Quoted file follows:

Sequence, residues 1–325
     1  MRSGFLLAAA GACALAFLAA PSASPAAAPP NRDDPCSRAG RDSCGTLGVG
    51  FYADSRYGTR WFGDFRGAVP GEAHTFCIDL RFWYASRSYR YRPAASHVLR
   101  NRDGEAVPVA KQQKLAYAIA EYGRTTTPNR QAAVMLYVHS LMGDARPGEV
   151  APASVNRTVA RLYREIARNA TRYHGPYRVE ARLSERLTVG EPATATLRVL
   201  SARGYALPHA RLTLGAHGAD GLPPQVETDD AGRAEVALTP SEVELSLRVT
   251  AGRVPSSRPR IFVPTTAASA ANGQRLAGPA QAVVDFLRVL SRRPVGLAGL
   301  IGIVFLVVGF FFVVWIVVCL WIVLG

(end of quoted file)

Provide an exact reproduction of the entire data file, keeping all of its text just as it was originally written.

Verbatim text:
Sequence, residues 1–325
     1  MRSGFLLAAA GACALAFLAA PSASPAAAPP NRDDPCSRAG RDSCGTLGVG
    51  FYADSRYGTR WFGDFRGAVP GEAHTFCIDL RFWYASRSYR YRPAASHVLR
   101  NRDGEAVPVA KQQKLAYAIA EYGRTTTPNR QAAVMLYVHS LMGDARPGEV
   151  APASVNRTVA RLYREIARNA TRYHGPYRVE ARLSERLTVG EPATATLRVL
   201  SARGYALPHA RLTLGAHGAD GLPPQVETDD AGRAEVALTP SEVELSLRVT
   251  AGRVPSSRPR IFVPTTAASA ANGQRLAGPA QAVVDFLRVL SRRPVGLAGL
   301  IGIVFLVVGF FFVVWIVVCL WIVLG